Looking up into the Banyan tree at Lolani Palace. Photo: Ann Peavey via Trover
Banyan trees dwarf us with their vast, towering canopies and dangling vertical roots, which can be as large as tree trunks themselves. I felt like a ten-year old the first time I spied the giant Banyan imperiously tall inside the courtyard of the Royal Hawaiian hotel in Honolulu. Decades later the great tree is less royal and around the island the trees are threatened.
While the Royal Hawaiian hotel still retains its colonial grandeur, the tree has been closed in on one side by a shopping mall. Most of the vertical roots have been trimmed away from valuable real estate. Strings of lights and an electrical conduit snake up the trunk. Still, like a dowager queen, it stands tall if not the imperial monarch it once was.
Banyan trees have become synonymous with Hawaii, however they were first imported from India to Maui as a gift in the 1800’s to Sheriff William Owen Smith. He planted it to commemorate the 50th anniversary of the first Protestant mission to Lahaina. Today it’s the oldest Banyan tree in Hawaii.
Banyan tree reaching wide. Photo: Sabrina Gunn via Trover
In Honolulu’s Waikiki Beach Banyan trees still dot the landscape, although they’re sometimes hidden. You can visit the grand Banyan at the century-old Moana Surfrider Hotel
where visiting royalty and presidents have strolled beneath its branches. Slip in from the beach front or enter through the lobby to the Banyan Courtyard where guests often mingle at happy hour.
The most celebrated Banyan tree in Honolulu, a gift from Indian royalty, flourishes at the Iolani Palace. Once the official residence of Hawaii’s monarchy, the National Historic Landmark still echoes from its past when King Klakaua and his family walked the opulent halls. The grounds are considered sacred to Hawaiians as an ancient heiau, place of worship. The remains of the King and his descendants were once buried beneath the large Banyan Tree. In 1865 the families remains were carried in a torchlight procession to a new Royal Mausoleum in Nuuanu Valley.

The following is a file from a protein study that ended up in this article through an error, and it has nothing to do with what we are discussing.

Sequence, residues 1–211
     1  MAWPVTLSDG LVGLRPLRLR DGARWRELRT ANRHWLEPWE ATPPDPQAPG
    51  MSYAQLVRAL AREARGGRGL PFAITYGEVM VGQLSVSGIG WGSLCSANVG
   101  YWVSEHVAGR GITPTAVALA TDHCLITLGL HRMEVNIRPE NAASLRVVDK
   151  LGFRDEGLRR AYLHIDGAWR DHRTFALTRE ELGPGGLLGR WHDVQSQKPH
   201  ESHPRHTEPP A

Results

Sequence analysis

Many Honolulu visitors encounter their first Banyan tree in the International Marketplace in downtown Waikiki. A bazaar full of sheds and walkways once snaked beneath the lofty tree’s branches and wandering roots for forty years. Today the Marketplace has been shuttered to make way for a new shopping mall. The tree remains and in fact is being carefully tended by arborist, Steve Nimz, who has looked after it since 1971 and is liberating its extensive roots from concrete as the new facility takes shape around it.
See the Banyan trees of Hawaii while you can
A small and more devastating threat than renovation has crept in to destroy the great trees. The State of Hawaii Department of Agriculture has deemed the entire island of Oahu infested with the Lobate Lac Scale, a tiny invasive pest. It’s attacking Banyans, Hibiscus and Koa plants and trees. Many Banyan trees are being removed to safeguard people from falling branches. It’s hoped the pests will be controlled eventually. Whatever the reason it’s a tragedy to lose even one of these great trees.
Where to visit the sacred Banyan trees of Oahu:
- Moana Hotel
- Iolani Palace
- Royal Hawaiian
- Ala Moana Beach Park
- Kawela Bay on Oahu’s North Shore – Made famous on the ‘Lost’ TV series
Written as part of the Hipmunk City Love Project.